Lullaby For Asher Who Wouldn’t Sleep During A Pandemic (Or Any Other Time) by
Balli Kaur Jaswal, part of #05 – Lyrical Verse: Harrr? Corona apa?
“We got this many artists and works because it’s unprecedented, and we were very ambitious. Initially, we even imagined doing 19 chapters, because it’s COVID-19!” comments Derong. “What you see is the result of a lot of cold calls, a lot of hard work and a little bit of luck, and we’re very proud about having convinced and rallied the participants to stand behind this project, and I really want to thank them all for the solidarity displayed and believing in this project.”
Dark and Light by Yafiq Yusman @yafiqyusman, part of #06 – Instagrammable: Where The Streets Have No Name.
“Across the many topics we cover in the exhibition, the artists are primarily trying to convey some sort of reassurance, while also taking the opportunity to question the status quo, like say Brandon Lim’s Advent Charter, that compares foreign worker dorms to vending machines,” adds Derong. “We have so many pieces that appeal to a wide range of audiences, whether it’s Ah Guo’s bright watercolour works for younger kids, or the Instagram grids to appeal to the social media generation. We will all come out of the CB physically different, but we all share this common experience, the mental scars and realisation of issues in society that we might be moved to change in future. The artists’ hearts are all in the right place, and they’ve really put a lot of thought and meaning into each work.”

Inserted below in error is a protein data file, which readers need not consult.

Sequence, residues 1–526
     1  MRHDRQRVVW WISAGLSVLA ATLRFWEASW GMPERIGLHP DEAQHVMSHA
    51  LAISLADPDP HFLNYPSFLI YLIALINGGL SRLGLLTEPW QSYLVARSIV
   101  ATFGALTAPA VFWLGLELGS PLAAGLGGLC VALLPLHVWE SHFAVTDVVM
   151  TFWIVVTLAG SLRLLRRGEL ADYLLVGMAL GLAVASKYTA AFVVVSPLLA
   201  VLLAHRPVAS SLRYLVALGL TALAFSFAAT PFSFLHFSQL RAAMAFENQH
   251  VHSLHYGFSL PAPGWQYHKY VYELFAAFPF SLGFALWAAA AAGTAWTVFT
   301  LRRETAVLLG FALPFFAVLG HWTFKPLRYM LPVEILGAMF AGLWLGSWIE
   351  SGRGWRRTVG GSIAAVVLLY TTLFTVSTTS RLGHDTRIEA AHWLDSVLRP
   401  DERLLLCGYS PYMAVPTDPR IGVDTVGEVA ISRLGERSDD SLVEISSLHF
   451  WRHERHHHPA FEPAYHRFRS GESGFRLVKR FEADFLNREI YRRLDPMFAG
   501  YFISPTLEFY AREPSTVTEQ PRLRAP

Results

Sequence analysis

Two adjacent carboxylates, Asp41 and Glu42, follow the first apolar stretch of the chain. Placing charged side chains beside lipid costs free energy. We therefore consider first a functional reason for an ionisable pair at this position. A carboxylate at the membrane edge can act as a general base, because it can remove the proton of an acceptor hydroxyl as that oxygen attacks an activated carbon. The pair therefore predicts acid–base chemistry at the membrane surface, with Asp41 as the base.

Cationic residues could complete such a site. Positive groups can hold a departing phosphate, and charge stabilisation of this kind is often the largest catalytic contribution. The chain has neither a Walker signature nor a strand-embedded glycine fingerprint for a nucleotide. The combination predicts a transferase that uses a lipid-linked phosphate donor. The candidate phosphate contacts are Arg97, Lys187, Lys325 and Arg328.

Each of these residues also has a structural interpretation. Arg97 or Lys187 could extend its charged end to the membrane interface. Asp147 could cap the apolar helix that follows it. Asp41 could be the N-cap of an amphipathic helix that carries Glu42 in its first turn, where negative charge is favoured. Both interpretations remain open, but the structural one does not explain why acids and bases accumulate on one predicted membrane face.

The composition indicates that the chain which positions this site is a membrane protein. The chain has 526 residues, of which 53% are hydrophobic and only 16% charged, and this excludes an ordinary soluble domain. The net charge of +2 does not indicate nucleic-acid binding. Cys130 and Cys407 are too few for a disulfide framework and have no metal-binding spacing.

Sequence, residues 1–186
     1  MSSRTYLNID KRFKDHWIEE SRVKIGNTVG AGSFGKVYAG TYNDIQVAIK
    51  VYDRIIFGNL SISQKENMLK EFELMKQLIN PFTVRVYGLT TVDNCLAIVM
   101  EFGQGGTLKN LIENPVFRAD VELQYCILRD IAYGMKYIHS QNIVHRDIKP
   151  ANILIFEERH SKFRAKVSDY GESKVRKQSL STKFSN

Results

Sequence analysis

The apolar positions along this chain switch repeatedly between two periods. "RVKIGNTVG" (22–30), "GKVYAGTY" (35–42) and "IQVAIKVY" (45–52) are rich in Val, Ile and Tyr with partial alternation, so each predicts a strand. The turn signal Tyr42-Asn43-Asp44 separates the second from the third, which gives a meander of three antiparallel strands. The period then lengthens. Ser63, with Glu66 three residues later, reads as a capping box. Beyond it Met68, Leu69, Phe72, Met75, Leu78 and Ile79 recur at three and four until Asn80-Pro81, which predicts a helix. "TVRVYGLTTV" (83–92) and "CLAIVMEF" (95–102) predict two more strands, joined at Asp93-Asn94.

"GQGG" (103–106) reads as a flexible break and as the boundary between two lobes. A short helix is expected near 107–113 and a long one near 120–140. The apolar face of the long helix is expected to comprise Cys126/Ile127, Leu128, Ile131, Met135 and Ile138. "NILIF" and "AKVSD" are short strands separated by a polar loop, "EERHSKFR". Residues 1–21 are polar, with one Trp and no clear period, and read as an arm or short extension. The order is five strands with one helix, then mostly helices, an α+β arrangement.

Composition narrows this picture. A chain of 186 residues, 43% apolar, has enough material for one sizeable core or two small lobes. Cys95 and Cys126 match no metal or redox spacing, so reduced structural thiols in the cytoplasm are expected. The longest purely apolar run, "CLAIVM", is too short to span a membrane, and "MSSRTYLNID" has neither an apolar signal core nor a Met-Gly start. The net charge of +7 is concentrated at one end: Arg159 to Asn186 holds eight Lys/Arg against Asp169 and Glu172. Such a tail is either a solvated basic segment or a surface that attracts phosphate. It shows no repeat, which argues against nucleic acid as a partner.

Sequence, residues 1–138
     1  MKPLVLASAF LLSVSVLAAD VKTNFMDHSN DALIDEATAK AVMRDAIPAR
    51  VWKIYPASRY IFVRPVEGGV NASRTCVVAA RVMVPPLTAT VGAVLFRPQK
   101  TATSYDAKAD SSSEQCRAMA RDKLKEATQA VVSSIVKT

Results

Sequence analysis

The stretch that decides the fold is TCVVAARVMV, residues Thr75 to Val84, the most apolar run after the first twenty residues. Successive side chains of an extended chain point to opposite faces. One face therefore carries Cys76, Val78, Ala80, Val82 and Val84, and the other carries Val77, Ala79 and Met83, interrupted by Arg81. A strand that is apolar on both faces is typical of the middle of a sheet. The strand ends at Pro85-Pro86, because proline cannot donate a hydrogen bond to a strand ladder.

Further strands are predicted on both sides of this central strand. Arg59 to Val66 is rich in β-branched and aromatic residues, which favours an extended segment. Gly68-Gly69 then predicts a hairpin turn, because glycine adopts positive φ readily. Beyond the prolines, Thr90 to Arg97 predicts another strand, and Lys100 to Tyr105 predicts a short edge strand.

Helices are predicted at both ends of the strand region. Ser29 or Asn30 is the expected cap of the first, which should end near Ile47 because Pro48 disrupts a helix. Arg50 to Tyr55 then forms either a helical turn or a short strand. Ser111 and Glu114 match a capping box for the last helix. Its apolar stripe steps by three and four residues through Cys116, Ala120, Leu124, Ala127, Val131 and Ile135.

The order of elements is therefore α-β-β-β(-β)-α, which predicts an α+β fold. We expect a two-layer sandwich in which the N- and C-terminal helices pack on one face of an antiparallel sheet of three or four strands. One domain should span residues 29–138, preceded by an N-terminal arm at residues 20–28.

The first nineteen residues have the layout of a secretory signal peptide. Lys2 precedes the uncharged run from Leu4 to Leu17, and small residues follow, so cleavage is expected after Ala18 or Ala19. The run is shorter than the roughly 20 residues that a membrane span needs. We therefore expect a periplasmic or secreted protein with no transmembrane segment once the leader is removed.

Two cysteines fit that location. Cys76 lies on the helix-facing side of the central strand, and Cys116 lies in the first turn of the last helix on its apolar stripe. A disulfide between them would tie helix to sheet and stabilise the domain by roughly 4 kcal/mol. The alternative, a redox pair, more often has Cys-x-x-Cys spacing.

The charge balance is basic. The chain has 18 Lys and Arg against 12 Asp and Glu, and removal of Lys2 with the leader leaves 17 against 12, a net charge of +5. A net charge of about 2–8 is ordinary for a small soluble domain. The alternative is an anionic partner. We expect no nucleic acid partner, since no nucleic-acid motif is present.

COVIDEO II : Confusion Says: by Yang Derong, music by Dick Lee part of #07 – Covidigital Media: Fake News.
Reflecting on how the nature of viewing and art itself has changed during this time, Derong mentions how must more casual things have become. “With Zoom calls and working from home, there’s a lot of formalities, like having to wear a tie for example, that have been cut, for better or worse,” he elaborates. “For me, it’s better, because people are now more open and relaxed about what they can do and how they can do it, and it’s changed a lot about the way they approach work, rather than having to stick to very hard and fast rules. We now can think about new ways of doing things, and learn how to unlearn some of the things we know.”
Love From The Heartlands by Wykidd Song, part of #08 – Fashion/Industrial Design: PPE Couture.
In the ‘new normal’, it seems that more than ever, we will require creativity and compassion to get through these days, not only as a means of healing and recovery, but also as a form of solace and bonding through the shared experience of art.
A_PART by CraveFX, part of #09 – Covidigital Games: War on Covid
“In this new ‘phygital world’, I think online art should be as accessible as YouTube or binge-able as a series on Netflix,” Derong concludes. “It’s about taking this opportunity to raise accessibility and change perceptions of art, and for viewers, whether in Singapore or elsewhere in the world, to get a chance to see the visions and hear the voices of these 91 artists. They aren’t afraid to confront issues, but do so mindfully and with respect, coming together as a ‘non-essential’ collective in solidarity that things will get better.”